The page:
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Faster way to insert into WITHOUT ROWID table?
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Faster way to insert into WITHOUT ROWID table?

(1) By Matthijs Tijink (mtijink) on 2021-11-25 10:02:46 [link] [source]

Hi all,

I have a table like this:

CREATE TABLE data (a INTEGER NOT NULL, b INTEGER NOT NULL, c INTEGER, d INTEGER, PRIMARY KEY (a, b)) WITHOUT ROWID;

I want to fill this table as fast as possible with ~20 million rows, so I do some of the usual stuff (one big transaction, prepared statements). Inserting in order also helps a bit. This takes ~19-23 seconds on my machine.

However, this is still roughly 3-4x slower than inserting in a table without primary key and with rowid, which takes ~5-6 seconds. In both cases SQLite is bottlenecked on CPU, not on disk.

I tried a couple of things already, but they didn't help much:

  1. Using an in-memory database. Helps a bit, but still slower than without the primary key on-disk.
  2. Not using a journal. Didn't do a lot, presumably because the table was empty initially.
  3. Inserting all data in an identical in-memory temporary "data2" table, and using INSERT INTO SELECT FROM. Ideally, SQLite should see that the data is already sorted and unique and skip some of the work. Intended to simulate what would happen if I'd create a virtual table. Roughly as fast as inserting directly into the "data" table.
  4. Create and fill a normal table and create an index afterwards. Not ideal, because it creates a larger database and is slower when reading. And it turns out that it's slower than the original approach.

Are there approaches I'm missing? Things I can somehow tell to SQLite to make this faster?

Or is there a way to improve SQLite for this usecase? Ideally approach 3 (with a virtual table) can skip a lot of the insertion work.

(2) By ddevienne on 2021-11-25 12:04:56 in reply to 1 [link] [source]

You haven't said how that DB / table is used later. But If your use case is really as described,
i.e. only fixed-size columns, then you can have random access into your data, by direct indexing,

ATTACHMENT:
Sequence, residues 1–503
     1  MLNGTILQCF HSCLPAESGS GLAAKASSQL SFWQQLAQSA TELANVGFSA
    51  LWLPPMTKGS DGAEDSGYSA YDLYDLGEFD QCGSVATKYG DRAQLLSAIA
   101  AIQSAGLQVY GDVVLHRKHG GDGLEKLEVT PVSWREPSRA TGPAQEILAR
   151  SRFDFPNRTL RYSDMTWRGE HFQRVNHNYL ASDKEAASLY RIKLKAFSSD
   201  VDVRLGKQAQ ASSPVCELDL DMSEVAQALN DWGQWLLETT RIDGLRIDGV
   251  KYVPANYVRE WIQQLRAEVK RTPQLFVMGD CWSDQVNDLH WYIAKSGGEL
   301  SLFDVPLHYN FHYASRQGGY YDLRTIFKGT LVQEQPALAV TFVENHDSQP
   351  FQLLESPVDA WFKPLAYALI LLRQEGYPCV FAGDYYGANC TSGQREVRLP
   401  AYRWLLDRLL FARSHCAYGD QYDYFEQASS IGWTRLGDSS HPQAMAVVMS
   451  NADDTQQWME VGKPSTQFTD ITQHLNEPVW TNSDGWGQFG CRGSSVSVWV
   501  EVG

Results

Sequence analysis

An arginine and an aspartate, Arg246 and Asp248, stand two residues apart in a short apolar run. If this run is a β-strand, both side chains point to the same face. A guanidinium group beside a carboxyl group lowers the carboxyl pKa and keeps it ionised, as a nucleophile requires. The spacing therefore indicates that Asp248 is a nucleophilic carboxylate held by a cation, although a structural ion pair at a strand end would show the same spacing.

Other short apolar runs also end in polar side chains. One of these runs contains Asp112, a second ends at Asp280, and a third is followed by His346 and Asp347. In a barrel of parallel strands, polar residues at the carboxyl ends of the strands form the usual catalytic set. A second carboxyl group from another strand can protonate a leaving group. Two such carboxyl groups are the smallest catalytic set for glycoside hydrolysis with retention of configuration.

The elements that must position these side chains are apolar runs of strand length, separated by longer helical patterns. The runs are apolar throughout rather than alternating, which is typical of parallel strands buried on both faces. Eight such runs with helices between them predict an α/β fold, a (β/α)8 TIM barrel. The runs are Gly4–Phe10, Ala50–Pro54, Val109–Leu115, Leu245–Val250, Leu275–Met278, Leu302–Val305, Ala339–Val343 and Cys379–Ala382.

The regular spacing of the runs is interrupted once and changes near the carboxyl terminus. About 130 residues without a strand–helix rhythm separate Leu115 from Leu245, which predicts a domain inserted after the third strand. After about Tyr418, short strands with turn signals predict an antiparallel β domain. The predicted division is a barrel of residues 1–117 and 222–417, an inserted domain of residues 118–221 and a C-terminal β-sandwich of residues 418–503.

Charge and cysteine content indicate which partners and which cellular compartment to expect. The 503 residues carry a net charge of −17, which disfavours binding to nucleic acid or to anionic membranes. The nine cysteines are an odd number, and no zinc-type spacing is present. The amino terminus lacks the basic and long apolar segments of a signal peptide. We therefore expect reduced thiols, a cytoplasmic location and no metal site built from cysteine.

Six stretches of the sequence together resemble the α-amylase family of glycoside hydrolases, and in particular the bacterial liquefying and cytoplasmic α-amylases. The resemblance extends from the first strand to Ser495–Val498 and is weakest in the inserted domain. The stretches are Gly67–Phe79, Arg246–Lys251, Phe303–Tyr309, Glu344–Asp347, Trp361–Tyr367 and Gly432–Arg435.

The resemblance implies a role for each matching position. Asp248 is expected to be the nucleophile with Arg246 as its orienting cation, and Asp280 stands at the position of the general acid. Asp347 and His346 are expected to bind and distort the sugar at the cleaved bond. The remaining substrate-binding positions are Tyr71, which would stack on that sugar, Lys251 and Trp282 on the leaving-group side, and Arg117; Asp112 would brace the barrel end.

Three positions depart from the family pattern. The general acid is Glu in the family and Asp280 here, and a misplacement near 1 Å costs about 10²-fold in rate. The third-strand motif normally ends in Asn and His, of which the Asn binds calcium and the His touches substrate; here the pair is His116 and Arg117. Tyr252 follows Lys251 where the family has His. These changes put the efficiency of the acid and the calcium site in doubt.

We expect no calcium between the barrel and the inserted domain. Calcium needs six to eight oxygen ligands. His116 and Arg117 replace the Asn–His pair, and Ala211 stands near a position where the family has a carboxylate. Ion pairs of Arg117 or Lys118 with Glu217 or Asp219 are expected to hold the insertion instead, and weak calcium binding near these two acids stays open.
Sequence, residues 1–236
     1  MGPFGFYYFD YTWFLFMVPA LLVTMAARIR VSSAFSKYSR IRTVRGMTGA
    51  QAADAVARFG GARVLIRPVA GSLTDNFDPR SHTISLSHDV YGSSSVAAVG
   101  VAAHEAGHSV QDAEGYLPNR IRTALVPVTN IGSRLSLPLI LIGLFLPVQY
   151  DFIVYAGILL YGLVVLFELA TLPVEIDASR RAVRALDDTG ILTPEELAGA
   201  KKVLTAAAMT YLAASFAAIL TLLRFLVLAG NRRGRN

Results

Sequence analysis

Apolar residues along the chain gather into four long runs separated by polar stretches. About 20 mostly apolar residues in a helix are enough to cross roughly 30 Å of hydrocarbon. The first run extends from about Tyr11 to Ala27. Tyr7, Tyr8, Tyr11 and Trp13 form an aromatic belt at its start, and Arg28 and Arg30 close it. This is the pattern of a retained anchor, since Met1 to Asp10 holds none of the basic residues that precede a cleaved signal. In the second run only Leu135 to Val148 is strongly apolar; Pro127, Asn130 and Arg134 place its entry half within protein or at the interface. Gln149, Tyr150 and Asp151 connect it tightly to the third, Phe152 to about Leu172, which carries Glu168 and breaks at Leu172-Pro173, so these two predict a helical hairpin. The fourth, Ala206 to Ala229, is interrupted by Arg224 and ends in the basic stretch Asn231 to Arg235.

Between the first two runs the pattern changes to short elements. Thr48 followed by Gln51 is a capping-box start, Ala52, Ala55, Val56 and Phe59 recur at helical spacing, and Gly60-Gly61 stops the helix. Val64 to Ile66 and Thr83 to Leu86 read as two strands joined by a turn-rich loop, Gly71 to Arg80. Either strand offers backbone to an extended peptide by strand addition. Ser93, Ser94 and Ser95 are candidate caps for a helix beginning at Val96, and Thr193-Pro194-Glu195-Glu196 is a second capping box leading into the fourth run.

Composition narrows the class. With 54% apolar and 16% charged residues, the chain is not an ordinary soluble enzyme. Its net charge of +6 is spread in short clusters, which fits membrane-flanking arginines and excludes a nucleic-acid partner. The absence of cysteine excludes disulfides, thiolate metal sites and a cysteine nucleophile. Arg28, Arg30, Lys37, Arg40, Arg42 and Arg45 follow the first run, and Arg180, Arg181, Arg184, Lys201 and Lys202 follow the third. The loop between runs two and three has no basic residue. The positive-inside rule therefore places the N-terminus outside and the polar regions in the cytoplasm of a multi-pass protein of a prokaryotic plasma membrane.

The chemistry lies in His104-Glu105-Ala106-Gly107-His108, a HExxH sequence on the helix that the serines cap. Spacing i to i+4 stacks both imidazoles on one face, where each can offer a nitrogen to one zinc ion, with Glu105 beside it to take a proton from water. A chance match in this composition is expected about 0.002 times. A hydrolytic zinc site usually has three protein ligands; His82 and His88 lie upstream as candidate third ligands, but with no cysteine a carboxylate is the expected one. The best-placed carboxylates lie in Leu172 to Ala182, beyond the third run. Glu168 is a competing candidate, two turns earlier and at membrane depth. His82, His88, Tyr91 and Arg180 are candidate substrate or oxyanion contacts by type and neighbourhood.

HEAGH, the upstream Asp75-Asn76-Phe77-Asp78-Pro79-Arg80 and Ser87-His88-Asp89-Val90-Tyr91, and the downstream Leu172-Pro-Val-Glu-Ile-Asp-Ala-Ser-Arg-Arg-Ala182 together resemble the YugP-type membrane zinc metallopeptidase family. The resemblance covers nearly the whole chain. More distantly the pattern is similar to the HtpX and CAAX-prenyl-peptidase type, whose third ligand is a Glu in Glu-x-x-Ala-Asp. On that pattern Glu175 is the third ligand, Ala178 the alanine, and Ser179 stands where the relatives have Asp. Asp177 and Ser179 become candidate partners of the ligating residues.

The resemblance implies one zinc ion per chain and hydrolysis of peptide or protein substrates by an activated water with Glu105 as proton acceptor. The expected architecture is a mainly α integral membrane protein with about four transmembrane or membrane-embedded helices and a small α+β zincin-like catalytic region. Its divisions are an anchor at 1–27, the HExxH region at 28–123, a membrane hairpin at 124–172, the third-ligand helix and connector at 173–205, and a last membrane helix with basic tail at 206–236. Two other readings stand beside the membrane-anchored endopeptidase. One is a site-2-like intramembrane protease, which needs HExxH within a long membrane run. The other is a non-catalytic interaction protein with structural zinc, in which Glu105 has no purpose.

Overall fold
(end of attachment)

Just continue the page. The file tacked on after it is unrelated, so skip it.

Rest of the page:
whether it on-disk or in-memory, if you implement your own virtual table (and indexing) on top of
that regular / tabular data.

Might end up bigger that the SQLite DB, which uses varints, if you intergers are small.
But the extra space is worth it, for direct random-access addressing, performance-wise.

A long time ago, I measured vtables over C++ std::unordered_map-like containers of structs,
being 5x faster than equivalent regular in-memory SQLite tables. And that was even w/o direct
addressing like in your use-case (node-based hash map, so each row is a separate alloc / address).

Short of the above, you've covered all the bases, from what you wrote. FWIW. --DD

(3) By Matthijs Tijink (mtijink) on 2021-11-25 15:51:29 in reply to 2 [link] [source]

Thank you for your reply, good to know.

It's intended for data storage and transfer to other systems, for which SQLite is excellent. The other side might read the data into some in-memory structure of course, but I do need to store the data in regular tables first.

A virtual table approach would work for generating the data (although it's compute-heavy, not completely random access). However, my experiment above seems to show that it's not faster with INSERT INTO SELECT FROM virtual-table than by just inserting directly.

(4) By Keith Medcalf (kmedcalf) on 2021-11-25 17:58:18 in reply to 1 [source]

Havew you increased the cache size?

(5) By Matthijs Tijink (mtijink) on 2021-11-26 09:17:08 in reply to 4 [link] [source]

Yes, but that does not make a difference. I'm not suprised, since SQLite is CPU bound in this case.

(6) By Richard Hipp (drh) on 2021-11-26 11:26:40 in reply to 5 [link] [source]

How are you executing the SQL that does the inserting? Are you preparing a new SQL statement for each row? Or do you prepare a single INSERT statement using parameters, then bind data to the parameters and rerun that one statement for each row?